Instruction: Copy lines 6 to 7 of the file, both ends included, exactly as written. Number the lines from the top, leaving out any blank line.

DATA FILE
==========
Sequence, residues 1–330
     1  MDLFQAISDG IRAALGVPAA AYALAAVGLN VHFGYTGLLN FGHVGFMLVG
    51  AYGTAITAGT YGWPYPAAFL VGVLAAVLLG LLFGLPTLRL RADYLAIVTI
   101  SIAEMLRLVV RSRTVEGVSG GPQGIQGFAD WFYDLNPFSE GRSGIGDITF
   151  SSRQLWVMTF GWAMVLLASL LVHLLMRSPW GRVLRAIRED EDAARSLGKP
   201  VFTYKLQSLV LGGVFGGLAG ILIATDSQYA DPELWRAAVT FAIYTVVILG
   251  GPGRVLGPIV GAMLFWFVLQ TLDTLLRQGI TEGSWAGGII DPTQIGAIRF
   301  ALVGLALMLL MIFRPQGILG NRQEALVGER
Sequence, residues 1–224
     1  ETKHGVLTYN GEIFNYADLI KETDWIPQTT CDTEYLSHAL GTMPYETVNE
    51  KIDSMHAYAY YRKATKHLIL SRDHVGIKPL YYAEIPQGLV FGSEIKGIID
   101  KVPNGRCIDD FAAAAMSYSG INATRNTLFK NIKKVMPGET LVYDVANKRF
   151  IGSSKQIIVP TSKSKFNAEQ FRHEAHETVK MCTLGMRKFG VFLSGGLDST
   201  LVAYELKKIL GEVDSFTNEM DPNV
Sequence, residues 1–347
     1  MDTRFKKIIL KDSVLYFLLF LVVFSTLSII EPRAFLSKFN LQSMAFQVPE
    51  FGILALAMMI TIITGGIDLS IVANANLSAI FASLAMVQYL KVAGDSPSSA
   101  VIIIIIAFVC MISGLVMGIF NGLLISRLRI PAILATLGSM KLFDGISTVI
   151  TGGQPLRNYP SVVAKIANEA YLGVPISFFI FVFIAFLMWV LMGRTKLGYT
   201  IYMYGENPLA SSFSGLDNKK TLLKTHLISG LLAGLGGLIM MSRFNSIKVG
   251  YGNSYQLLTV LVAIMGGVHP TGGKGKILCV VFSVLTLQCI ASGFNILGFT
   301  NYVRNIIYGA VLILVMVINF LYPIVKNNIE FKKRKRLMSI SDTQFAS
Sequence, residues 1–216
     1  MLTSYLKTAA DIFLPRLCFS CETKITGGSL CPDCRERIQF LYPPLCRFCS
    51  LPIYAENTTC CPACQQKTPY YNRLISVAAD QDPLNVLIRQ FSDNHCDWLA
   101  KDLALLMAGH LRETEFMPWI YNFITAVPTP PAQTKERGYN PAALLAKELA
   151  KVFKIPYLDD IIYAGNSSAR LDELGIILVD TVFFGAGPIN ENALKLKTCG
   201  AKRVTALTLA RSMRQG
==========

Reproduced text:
   201  VFTYKLQSLV LGGVFGGLAG ILIATDSQYA DPELWRAAVT FAIYTVVILG
   251  GPGRVLGPIV GAMLFWFVLQ TLDTLLRQGI TEGSWAGGII DPTQIGAIRF